Not all researchers have the luxury of choice, but if you are among the lucky ones, working from home can be a treat and a nice change to your routine. It can also be a complete waste of time, if you’re bad at it like me…

 07:30 08:30 09:15

I set the alarm optimistically (read: unrealistically) early the night before. The alarm went off and I got up. Almost two hours later, but not to worry, I’ve saved so much time by not commuting and running around campus. Besides, it’s been ages since I last had a lie in. I’ll just quickly have some breakfast and crack on with my work.


Ok, I’ve checked all the social media; best to get that out of the way, their claws are deep in, I would have succumbed later anyway. There were some urgent work emails I’ve dealt with as well, I like to keep a neat inbox and people who don’t reply to emails are just the worst (well, not as bad as those who don’t put their trolleys back after shopping). Anyhow, I’ve made a nice pot of coffee, opened the documents and there’s no way this chapter won’t get edited.


The postman came with a blender I forgot I ordered, and I’ve realised only now I’m still in my pajamas. I don’t think the hoodie I threw on fooled anyone (probably didn’t help it was inside out), but if fashion nonchalance is the price of productivity, I’ll happily sport nightwear anytime. I did address a grand total of seven of my supervisor’s comments, so it must be working. Slowly, but working.


I know I’m risking a snacking vortex, very much similar to one described in this article, but I’m feeling hungry-ish. My breakfast was late and so will be my dinner, therefore, it’s too early for lunch. The serendipitous delivery of the blender leaves me no choice – I must search all of the Internet for smoothie recipe.

Update: Well, I’ve bookmarked a lot of pages, but lacked ingredients for almost every recipe. The one I was able to make didn’t taste nice, so I had a biscuit (okay, two and a half biscuits).


I’ve finally had my lunch, did the dishes, did my housemates’ dishes, and cleaned the stove. Then I’ve tried working, but the book I’ve need to consult was in fact somewhere in my office (at least I hope so?), so I ended up hovering the kitchen. And living room. I’ve stopped half-way up the stairs. Back at my laptop now, downloading some other papers. All crucial for my project, of course.


The chair felt oddly uncomfortable and I couldn’t get the lighting to work with screen, I moved my work station to kitchen. Three more comments implemented (current total: twelve; total of social media breaks taken: don’t ask!). I was feeling this draft (and draft is dangerous!) and I brought fleece blanket to keep me warm and typing. Finally, it’s probably best if work in my bed, it’s so cosy. I’ll take my coffee with me, work hard and finish everything in time for gym. It will be great!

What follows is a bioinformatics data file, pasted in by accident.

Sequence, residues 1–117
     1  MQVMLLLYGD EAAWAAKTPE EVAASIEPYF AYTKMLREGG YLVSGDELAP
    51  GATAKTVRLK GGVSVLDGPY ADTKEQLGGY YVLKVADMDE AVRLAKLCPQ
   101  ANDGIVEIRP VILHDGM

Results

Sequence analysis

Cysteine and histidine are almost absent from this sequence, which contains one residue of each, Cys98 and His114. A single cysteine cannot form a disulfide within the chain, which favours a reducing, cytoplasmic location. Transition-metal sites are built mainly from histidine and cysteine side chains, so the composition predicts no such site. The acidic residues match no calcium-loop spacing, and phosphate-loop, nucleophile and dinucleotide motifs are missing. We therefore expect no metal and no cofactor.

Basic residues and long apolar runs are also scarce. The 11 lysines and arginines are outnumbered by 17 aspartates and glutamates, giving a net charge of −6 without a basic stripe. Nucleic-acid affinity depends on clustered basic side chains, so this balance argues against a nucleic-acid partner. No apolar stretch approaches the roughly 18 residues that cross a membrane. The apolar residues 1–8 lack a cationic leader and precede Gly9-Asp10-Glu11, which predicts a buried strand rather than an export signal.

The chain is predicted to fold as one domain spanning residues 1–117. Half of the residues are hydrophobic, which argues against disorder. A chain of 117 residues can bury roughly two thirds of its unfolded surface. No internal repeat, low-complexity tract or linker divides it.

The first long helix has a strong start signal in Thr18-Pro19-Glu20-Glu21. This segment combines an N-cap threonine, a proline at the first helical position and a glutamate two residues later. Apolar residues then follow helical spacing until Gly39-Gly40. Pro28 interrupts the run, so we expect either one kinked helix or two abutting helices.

Swear word, swear word, swear word!! I accidentally fell asleep and woke up with just enough time to run to the gym. I’ve missed the warm-up and I’m pretty sure something bad happened to my foot during the training, but I’m marching home determined to turn the tables. Winners never quit!


Just got some minor interference out of the way but, dear chapter, I’m all yours now. ❤


I think the time on my laptop wrong, surely it’s not later than 9 or 10 pm? Even though I had dinner and two desserts and drank whole a jug of coffee, these only seemed to have fuelled a YouTube video marathon (I just tried to find a software tutorial, honestly…), wardrobe re-organisation and production of minutely detailed to-do lists. Little PhD work occurred, as is true of the whole day.


Working from home can be nice change. I can work from home too, sure thing. However, I’ve discovered this happens only in situations when I have a non-negotiable deadline and all other options/venues failed. I sleep at home, I relax, I read, I cook and clean, I laze around. I guess my brain struggles to perceive the location as working environment, and on most days I’m not disciplined enough to change that.

With the effort I’ve put into commuting, wearing proper clothes and planning my lunch, the stakes are higher, so I’m more inclined to maximise the benefits. Also, seeing people around me working is wonderfully motivating.

All in all, thesis is not a guest I’d like to host often.

What about you? Have managed to house-train you thesis? Share your tips in comments. 🙂

Ana Kedveš  (@anakedves)

Image credits: ouisch_420CC BY-NC-ND 2.0